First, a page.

As an environmental activist in the late 80’s I was part of a small group who opposed pesticide use on city lawns. It was called People Against Addicted Lawns PAALs.
We organized events, to see how many people we could sign a no pesticide pledge. We also made presentations to the various city councils through out the region.
Because Kanata, Nepean, Ottawa and a dozen other municipalities all had local governments they were approachable. We made the rounds and succeeded in numerous cities to get pesticide use banned.
I remember at the city council meeting in Kanata a nurse named Judy Spence and myself made our pitch and every person on council made a connection between pesticide use and the cancers that were in thier famiies. The bylaw was passed.
Judy was estatic, I was depressed. Nothing we said made a difference the people had to expierience the pain personally to connect the dots. We are not as smart as we think we are.
And so it is in China today.
For generations of Chinese parents, the success of their children has long been one of their most important goals in life — and they are known to be willing to make great sacrifices for it.
And so when a Shanghai family refused to be taken from their home into government quarantine during the city’s sixth week of lockdown, a police officer warned them with what he thought would be a powerful threat to bring them to heel — their children’s future.
“If you don’t obey the orders from the city government, you will be punished, and the punishment will affect three generations in your family,” the hazmat-suited police officer said, pointing his finger at the camera in a video posted on Chinese social media.
“We are the last generation, thank you,” a young man, who is not seen in the video, replied adamantly, in an apparent suggestion he is not planning to have any kids.
Carrying on the family line has long been a filial duty in traditional Chinese culture. But in today’s China, not having children — or delaying it — has become a form of soft resistance and silent protest against what many see as the disappointing reality they live in, with deep-rooted structural problems stemming from a system that they have little power to change.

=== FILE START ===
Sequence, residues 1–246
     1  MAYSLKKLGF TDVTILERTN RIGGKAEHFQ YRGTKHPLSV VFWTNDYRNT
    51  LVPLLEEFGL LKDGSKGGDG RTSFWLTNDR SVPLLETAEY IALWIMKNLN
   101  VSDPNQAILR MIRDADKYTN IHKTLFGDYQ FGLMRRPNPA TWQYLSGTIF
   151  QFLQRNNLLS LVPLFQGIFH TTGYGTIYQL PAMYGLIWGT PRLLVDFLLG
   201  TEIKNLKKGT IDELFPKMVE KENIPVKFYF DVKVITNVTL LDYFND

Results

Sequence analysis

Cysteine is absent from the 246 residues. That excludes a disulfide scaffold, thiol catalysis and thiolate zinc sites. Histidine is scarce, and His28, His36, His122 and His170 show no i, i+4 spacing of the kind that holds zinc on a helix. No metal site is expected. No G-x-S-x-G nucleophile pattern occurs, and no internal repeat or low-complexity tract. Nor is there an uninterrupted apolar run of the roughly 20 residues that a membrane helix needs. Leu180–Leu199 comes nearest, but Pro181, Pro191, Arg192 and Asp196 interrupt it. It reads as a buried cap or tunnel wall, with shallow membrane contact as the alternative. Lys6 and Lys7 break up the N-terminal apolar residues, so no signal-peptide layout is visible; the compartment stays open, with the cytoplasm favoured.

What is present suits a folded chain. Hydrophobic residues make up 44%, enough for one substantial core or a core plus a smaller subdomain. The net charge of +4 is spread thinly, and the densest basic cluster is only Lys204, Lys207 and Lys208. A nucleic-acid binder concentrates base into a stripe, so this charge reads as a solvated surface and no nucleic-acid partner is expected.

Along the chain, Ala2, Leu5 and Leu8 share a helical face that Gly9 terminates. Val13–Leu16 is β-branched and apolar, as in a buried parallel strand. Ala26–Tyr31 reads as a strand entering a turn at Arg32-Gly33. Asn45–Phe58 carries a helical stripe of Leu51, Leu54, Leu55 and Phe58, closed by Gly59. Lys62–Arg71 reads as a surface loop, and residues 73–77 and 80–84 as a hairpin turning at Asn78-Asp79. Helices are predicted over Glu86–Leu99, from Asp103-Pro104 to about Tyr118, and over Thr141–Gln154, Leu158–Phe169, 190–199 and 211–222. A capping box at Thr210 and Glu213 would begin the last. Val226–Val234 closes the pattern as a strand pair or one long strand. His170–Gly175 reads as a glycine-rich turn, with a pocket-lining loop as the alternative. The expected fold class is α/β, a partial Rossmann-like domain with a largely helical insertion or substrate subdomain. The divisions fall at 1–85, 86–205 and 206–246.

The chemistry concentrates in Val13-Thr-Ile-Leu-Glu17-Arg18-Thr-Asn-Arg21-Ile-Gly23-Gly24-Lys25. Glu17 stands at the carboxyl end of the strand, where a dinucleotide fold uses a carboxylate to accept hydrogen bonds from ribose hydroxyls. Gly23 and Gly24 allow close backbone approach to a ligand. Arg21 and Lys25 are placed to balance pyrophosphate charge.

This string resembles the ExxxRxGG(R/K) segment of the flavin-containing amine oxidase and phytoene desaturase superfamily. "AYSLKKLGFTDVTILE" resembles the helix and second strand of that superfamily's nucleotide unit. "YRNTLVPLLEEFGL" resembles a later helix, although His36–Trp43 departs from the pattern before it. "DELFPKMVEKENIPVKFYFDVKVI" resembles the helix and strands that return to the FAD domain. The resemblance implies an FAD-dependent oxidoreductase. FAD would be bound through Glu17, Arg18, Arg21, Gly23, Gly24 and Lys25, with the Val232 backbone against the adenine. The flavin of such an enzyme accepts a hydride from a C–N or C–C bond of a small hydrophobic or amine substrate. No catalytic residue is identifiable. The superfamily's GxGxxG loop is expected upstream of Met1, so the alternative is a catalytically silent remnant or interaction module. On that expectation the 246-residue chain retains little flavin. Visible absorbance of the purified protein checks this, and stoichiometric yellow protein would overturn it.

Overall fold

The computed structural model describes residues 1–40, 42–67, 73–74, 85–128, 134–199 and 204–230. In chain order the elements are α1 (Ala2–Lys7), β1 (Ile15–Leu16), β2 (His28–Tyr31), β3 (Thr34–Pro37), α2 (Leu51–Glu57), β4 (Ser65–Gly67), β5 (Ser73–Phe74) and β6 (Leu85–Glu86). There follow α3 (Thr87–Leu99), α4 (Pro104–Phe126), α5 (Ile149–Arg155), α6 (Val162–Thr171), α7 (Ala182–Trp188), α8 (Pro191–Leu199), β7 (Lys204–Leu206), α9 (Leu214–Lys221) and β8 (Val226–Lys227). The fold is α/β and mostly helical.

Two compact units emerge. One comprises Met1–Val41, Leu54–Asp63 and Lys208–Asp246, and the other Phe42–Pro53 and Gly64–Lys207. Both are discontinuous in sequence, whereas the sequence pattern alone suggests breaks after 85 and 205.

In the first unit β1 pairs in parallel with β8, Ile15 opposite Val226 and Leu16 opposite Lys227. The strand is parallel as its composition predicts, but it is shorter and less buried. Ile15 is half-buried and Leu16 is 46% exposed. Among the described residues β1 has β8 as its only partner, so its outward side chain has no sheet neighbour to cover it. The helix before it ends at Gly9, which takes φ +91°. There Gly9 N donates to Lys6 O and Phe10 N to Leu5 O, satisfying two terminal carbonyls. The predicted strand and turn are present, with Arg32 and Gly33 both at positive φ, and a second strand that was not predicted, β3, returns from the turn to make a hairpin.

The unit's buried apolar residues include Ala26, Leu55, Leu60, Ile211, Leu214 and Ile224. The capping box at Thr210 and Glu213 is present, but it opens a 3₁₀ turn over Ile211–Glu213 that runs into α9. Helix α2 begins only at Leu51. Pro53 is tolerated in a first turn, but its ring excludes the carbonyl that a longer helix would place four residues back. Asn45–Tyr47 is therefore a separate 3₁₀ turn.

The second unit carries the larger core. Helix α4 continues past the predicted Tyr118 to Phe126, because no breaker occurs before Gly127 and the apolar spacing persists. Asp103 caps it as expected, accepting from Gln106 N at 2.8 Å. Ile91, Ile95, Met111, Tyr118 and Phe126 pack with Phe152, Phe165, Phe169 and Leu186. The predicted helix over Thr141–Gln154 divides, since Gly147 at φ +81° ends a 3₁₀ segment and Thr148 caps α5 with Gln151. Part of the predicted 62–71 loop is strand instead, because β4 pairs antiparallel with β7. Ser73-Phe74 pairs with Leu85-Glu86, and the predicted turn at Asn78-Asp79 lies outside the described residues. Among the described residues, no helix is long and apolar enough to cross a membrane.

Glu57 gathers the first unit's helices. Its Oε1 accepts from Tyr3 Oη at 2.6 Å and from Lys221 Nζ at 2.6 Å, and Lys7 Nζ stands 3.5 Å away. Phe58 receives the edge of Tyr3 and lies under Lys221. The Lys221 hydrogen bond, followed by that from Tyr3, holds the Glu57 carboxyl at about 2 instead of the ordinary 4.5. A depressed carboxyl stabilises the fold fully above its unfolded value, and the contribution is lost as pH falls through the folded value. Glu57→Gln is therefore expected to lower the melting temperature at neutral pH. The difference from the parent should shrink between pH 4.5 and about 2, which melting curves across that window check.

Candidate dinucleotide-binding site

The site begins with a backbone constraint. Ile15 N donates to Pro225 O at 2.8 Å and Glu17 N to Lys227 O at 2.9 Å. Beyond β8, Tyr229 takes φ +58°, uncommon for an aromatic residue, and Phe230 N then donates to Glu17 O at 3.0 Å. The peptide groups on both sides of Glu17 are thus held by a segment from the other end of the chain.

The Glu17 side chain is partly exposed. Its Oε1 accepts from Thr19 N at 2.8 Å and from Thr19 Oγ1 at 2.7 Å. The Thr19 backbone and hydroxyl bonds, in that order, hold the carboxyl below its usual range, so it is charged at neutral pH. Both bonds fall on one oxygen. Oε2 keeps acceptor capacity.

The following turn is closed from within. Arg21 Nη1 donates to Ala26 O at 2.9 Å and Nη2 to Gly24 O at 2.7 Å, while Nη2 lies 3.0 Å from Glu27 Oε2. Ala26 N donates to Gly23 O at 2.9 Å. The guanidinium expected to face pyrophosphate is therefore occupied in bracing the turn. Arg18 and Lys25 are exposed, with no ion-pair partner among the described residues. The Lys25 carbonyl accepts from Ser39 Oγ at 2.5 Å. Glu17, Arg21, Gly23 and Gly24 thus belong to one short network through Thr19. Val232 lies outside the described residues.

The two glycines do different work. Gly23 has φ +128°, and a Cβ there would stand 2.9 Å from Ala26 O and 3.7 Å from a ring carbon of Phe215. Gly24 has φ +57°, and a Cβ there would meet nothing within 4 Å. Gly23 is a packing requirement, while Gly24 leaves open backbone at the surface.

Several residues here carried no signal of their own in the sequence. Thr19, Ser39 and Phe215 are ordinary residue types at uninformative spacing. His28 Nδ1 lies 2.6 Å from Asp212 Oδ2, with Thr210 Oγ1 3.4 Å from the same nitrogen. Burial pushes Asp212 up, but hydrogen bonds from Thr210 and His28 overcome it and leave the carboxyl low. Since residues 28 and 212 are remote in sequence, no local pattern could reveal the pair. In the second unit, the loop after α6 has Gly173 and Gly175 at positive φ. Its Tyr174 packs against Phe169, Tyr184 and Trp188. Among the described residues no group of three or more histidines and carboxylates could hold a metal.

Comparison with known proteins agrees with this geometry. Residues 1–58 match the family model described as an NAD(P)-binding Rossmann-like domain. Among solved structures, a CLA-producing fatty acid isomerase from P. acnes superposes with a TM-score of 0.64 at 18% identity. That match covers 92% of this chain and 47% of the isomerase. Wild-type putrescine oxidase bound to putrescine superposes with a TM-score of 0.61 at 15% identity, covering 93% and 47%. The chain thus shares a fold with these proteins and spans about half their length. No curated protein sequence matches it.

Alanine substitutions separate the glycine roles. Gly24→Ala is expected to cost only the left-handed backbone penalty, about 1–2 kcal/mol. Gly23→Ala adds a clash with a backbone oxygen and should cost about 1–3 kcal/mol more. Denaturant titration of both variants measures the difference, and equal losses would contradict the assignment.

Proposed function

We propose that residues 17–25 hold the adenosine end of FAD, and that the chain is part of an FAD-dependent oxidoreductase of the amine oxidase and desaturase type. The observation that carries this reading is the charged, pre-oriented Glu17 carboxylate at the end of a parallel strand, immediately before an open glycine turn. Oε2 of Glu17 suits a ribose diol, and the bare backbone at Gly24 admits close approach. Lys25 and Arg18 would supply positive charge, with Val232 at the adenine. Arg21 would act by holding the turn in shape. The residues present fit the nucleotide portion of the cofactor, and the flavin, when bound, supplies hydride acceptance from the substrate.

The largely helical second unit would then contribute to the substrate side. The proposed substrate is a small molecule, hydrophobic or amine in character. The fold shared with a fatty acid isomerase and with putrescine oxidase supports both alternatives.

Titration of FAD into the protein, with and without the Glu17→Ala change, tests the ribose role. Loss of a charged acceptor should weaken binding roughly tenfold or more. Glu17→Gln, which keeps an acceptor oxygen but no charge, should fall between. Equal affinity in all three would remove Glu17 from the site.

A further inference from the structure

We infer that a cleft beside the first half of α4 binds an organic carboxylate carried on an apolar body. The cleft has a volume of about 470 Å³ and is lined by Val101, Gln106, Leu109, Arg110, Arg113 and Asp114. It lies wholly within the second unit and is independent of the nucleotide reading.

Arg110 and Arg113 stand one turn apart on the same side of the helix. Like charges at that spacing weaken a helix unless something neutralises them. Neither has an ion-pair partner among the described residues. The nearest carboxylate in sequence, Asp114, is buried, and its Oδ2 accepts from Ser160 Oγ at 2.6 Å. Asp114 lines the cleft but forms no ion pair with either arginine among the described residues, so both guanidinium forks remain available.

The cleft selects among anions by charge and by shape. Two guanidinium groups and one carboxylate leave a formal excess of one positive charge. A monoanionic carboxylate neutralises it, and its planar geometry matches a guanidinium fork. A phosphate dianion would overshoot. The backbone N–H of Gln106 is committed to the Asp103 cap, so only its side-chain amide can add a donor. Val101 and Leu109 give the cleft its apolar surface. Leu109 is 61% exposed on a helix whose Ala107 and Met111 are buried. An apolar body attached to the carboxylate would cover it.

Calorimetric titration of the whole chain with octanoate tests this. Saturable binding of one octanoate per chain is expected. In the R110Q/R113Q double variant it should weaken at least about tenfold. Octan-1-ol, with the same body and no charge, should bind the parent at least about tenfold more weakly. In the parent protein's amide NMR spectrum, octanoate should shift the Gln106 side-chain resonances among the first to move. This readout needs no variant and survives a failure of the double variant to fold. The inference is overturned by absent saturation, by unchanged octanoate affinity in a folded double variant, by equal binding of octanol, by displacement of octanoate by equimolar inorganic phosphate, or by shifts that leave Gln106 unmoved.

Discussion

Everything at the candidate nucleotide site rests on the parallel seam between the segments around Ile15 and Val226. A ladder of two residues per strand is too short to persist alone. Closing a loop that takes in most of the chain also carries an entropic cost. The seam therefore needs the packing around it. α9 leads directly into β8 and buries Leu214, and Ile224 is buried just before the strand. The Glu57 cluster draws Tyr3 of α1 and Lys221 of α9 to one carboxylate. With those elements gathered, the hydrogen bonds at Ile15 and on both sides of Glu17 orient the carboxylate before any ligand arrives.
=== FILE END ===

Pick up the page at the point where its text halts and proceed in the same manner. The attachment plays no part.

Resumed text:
Over the past decade, an increasing number of Chinese millennials have delayed — or outright rejected — marriage and childbirth, as they confront high work pressure, skyrocketing property prices, rising education costs and discrimination against mothers in the workplace.
The Chinese government is worried. For decades, it had strictly enforced a one-child policy that forced millions of women to abort pregnancies deemed illegal by the state. But as China’s birthrate plummeted, demographers warned of a looming population crisis.
Beijing scrapped the one-child policy in 2016 and relaxed it further last year to allow couples to have three children, with local governments churning out a flurry of propaganda slogans and financial incentives to encourage more births — but the birthrate has continued to nosedive.
Some officials and policy advisers have appeared tone-deaf to young people’s demands. Last month, a law professor and delegate to the Jinzhou municipal People’s Congress in Hubei province suggested that in order to promote marriage and childbirth, the media should reduce or avoid reporting on “independent women” and the “double-income-no-kids (DINK) lifestyle,” because they are not in line with the country’s “mainstream values.” The suggestion drew a backlash online.
As the pandemic drags on, the sense of disenchantment among many of the country’s younger generation has only grown.
The increasingly frequent and stringent lockdowns — and the chaos and tragedies that arose from them — have made citizens realize how fragile their rights are in the face of a state apparatus that brooks no dissent and a callous bureaucracy trained to take orders from above with little flexibility.
That is especially so in Shanghai, which is reeling from seven weeks of stringent lockdown. In the country’s wealthiest and most glamorous city, residents have been subject to widespread food shortages, lack of medical care and forced quarantine in spartan makeshift facilities. Authorities initially separated young children from their parents in isolation — and only reversed course after a public outcry.
“Who is willing to have children when things have come to this? Who dares to have children?” asked a user on Weibo.
“Your reign ends with me. And the suffering you have caused also ends with me,” said another.